Since they traded Nomar Garciaparra at the 2004 trading deadline, the Boston Red Sox have had a revolving door at shortstop.  Marco Scutaro was the most recent attempt to fill the position, but the Red Sox have also tried Orlando Cabrera, Edgar Renteria and Julio Lugo, among others.

In an attempt to finally stop the constant turnover, the Red Sox signed Cuban defector Jose Iglesias in 2009 to a four-year, $8.25 million contract.  Iglesias is currently ranked by Baseball America as the team’s second-best prospect for 2011, so you wonder how much longer the Red Sox will wait before giving him an opportunity.

Iglesias is known for his glove, which many people consider Major League ready at 20 years old (he’ll turn 21 in January).  His bat, however, brings some question marks. 

In his first professional season (spending time for a short season team, though mostly at Double-A), Iglesias posted the following line (he did miss a few months due to a broken finger): 261 AB, .295 BA (77 H), 0 HR, 20 RBI, 37 R, 7 SB, .333 OBP, .379 SLG, .377 BABIP.

At first sight the numbers bring back memories of Rey Ordonez, but Iglesias is young so he can definitely improve.  Right now the average is just not believable, and when you couple the strikeouts (21.8 percent) with his lack of power, there is a lot of concern.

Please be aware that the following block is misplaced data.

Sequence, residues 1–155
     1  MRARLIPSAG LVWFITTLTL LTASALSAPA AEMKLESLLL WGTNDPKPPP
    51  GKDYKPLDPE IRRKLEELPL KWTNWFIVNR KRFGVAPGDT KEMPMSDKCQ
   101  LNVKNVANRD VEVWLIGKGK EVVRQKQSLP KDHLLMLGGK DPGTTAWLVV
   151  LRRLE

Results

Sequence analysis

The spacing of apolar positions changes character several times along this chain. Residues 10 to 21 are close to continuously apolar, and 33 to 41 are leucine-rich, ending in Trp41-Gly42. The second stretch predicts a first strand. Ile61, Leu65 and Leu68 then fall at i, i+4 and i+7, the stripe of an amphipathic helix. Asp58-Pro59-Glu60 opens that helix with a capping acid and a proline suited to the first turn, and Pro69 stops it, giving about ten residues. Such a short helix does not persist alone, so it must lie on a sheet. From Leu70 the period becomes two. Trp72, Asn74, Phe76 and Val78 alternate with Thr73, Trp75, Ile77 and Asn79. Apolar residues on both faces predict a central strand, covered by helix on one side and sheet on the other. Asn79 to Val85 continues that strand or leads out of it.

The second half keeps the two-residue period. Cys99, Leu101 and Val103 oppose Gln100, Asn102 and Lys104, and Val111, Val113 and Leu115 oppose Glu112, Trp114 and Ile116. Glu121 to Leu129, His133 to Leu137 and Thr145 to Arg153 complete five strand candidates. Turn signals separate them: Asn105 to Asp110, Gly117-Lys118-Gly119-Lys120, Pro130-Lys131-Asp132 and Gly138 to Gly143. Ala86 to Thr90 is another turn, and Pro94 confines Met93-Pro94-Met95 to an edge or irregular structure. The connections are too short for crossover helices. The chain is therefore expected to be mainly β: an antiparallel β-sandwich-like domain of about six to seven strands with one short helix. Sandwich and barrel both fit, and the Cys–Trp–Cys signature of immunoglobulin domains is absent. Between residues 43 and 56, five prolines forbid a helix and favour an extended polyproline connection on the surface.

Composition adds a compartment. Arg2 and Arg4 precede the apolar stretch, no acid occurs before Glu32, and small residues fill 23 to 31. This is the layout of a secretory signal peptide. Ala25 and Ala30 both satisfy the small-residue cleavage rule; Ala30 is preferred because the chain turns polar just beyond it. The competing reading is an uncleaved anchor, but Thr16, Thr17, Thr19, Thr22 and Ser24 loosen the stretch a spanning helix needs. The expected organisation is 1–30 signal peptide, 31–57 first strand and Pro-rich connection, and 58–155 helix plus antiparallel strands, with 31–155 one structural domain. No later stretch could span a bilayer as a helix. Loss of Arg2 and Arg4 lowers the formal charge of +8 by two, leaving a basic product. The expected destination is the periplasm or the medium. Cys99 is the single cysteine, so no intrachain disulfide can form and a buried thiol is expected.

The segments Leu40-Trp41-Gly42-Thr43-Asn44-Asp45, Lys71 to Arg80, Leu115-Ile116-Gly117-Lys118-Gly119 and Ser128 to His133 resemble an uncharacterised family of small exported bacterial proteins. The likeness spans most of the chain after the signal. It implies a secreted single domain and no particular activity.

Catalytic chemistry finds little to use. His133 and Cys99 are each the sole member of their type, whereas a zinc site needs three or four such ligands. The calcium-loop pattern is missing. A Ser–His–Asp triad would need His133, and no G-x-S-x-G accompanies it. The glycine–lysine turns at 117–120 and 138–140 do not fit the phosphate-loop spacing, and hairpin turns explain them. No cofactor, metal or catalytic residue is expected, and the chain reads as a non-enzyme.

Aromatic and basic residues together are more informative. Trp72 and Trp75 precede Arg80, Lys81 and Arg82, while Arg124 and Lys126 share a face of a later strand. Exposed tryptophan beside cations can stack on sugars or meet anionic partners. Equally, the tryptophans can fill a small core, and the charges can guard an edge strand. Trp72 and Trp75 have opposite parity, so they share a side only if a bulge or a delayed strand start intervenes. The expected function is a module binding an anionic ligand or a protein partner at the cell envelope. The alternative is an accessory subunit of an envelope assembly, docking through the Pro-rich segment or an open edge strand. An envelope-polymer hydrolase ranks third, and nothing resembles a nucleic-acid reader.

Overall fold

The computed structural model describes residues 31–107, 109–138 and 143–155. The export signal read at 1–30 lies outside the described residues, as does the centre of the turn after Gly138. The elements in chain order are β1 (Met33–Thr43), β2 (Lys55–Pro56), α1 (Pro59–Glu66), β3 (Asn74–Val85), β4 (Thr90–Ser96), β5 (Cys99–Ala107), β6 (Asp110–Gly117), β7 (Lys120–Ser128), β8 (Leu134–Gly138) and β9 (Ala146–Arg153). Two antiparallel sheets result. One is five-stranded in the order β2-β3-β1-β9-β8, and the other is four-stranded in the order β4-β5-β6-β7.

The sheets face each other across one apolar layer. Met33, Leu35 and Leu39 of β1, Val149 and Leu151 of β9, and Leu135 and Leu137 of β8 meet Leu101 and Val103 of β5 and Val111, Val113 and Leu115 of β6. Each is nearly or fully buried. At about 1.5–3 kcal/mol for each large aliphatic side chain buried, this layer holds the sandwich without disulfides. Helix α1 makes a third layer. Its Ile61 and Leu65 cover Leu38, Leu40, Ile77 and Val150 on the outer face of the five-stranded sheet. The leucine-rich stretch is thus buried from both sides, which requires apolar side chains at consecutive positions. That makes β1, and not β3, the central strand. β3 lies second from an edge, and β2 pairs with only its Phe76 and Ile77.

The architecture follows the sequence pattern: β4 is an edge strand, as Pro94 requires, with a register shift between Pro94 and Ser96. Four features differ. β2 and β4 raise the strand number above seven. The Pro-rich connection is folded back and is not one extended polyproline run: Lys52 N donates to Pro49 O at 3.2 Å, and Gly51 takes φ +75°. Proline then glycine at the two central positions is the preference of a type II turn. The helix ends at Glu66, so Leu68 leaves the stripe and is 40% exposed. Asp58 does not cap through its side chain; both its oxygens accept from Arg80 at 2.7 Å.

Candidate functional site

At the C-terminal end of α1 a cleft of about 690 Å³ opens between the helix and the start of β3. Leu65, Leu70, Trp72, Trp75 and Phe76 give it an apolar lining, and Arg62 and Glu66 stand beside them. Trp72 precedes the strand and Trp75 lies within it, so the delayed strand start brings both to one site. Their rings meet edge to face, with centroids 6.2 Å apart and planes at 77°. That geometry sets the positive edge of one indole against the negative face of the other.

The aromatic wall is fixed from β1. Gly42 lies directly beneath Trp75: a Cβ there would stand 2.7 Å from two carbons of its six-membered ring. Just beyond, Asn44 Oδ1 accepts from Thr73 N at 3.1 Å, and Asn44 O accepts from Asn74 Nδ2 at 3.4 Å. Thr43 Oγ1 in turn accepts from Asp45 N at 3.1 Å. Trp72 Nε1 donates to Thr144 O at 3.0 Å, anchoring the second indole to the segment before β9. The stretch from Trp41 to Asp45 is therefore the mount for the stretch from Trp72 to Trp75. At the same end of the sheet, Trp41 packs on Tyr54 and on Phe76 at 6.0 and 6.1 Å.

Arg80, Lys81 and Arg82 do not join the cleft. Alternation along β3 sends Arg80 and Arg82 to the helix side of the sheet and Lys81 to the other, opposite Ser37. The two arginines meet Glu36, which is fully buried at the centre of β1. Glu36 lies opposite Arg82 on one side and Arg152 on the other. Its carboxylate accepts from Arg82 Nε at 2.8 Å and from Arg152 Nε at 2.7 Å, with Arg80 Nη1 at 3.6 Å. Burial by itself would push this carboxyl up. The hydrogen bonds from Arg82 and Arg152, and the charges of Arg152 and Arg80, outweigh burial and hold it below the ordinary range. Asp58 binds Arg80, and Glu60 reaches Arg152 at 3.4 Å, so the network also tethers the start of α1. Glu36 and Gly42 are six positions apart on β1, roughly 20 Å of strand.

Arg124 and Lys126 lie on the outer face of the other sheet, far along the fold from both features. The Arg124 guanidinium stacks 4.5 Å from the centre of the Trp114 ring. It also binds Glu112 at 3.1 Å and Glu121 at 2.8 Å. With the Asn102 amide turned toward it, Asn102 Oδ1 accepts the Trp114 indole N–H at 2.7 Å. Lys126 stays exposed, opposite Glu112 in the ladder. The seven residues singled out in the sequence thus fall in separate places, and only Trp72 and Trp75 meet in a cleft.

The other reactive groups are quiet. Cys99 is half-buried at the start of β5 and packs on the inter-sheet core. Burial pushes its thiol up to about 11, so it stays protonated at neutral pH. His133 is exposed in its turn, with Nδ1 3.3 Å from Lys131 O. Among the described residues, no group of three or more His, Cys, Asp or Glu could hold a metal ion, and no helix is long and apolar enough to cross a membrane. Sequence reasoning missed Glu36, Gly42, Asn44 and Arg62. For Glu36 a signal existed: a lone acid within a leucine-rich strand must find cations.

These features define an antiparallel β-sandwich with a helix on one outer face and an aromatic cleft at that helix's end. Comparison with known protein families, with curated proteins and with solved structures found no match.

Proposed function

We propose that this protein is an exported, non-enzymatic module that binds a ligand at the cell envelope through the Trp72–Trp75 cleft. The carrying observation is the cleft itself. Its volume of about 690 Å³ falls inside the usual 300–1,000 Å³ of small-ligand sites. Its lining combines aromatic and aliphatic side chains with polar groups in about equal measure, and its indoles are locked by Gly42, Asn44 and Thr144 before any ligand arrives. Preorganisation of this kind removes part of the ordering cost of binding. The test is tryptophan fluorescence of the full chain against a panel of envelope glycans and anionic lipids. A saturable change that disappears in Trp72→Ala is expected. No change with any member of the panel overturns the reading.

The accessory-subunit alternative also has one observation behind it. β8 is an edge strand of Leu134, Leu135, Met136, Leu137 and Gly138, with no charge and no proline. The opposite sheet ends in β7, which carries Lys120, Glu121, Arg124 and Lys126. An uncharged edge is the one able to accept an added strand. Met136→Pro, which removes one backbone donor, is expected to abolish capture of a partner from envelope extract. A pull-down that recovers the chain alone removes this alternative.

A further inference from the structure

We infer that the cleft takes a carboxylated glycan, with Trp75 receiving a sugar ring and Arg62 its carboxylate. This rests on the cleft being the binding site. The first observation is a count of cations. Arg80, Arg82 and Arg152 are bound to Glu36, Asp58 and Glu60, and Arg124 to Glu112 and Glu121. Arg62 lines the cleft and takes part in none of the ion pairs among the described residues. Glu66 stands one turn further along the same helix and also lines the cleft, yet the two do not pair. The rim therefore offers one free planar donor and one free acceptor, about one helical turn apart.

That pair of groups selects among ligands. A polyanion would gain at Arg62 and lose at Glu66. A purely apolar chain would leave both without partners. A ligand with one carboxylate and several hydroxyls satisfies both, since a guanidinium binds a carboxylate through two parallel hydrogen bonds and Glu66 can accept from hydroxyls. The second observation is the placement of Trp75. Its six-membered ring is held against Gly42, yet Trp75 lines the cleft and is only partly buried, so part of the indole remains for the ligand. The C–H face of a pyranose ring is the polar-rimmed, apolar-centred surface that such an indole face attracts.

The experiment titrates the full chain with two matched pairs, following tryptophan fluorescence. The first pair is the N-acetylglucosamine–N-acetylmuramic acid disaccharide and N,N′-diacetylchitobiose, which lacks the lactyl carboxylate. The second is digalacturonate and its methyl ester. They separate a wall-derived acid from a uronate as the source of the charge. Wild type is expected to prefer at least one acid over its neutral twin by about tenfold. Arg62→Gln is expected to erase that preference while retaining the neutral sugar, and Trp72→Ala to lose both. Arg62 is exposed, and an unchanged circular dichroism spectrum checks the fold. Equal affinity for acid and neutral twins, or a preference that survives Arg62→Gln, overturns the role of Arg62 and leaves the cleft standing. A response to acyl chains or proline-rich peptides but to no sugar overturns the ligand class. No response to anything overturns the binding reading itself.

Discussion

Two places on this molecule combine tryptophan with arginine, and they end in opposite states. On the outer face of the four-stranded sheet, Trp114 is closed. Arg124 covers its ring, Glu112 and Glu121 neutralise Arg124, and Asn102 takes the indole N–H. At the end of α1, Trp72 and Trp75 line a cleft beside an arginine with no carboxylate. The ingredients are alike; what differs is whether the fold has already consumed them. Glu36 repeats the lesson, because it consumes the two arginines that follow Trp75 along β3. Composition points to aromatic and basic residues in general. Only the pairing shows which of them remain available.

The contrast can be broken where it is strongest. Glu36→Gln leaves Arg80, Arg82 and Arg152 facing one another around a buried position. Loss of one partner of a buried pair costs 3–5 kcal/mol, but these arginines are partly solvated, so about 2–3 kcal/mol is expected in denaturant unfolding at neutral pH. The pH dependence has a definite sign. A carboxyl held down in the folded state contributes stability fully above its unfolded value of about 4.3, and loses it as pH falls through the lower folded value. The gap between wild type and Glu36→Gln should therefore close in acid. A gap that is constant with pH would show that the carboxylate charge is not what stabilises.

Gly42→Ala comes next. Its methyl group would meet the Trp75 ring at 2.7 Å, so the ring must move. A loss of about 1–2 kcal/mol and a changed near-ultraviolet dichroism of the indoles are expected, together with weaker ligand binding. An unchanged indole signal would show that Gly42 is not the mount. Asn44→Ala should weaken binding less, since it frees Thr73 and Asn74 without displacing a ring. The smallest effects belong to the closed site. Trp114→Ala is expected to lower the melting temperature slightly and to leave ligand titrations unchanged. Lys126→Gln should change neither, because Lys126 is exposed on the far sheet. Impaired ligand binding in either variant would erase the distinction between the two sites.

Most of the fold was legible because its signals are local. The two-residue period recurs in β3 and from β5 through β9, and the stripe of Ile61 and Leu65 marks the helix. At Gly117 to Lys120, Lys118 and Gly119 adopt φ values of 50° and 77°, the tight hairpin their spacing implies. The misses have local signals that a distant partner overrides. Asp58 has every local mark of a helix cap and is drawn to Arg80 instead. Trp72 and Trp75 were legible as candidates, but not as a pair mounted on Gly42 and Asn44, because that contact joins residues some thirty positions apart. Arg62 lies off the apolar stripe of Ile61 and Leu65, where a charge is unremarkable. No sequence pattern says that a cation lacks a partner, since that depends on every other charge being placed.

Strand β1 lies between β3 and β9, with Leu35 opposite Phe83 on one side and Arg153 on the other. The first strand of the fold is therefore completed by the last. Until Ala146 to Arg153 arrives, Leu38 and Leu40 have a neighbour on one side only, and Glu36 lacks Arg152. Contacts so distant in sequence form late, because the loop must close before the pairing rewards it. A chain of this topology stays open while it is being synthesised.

In general he needs to learn to work the strike zone considerably better, having walked just 5.4 percent of the time.  However, before we get too concerned about the average, let’s take a look at what Baseball America recently said about him:

“With good bat speed and hand-eye coordination to go with a line-drive stroke, Iglesias should hit for average with some gap power once he adds some strength. He attacks pitches early in the count, an aggressive approach that won’t lead to many walks. He’s an average runner.”

While that will help ease the concerns about his inflated average in 2010, it seems like there isn’t much hope in him being able to hit home runs or steal many bases.  That on its own is going to limit his potential fantasy value, both in the short and long term.

No matter where Iglesias hits in the Red Sox lineup, he should bring some potential to score runs, but it’s hard to imagine him hitting anywhere but near the bottom.  That certainly is going to limit his potential contributions there.

So, we have a slick fielding shortstop with little power and speed who, we hope, has the potential to hit for a good average.  Again, visions of Rey Ordonez are dancing in my head.

Ordonez never hit for a good average (career .246 hitter), so Iglesias will likely outperform him there, but that’s about his only redeeming upside right now.

Chances are he opens the 2011 season in the minor leagues, so there is little reason to focus on him in your draft.  As far as long term, it seems like he’s not going to bring enough to the table to make him a star option, even at a shallow position.  Still, he’s worth watching closely in order to see if he can develop into a better hitting option.

What are your thoughts on Iglesias?  Do you see him having fantasy value?  Why or why not?

Make sure to check out our other Prospect Reports as we wrap up 2010 and head towards 2011:


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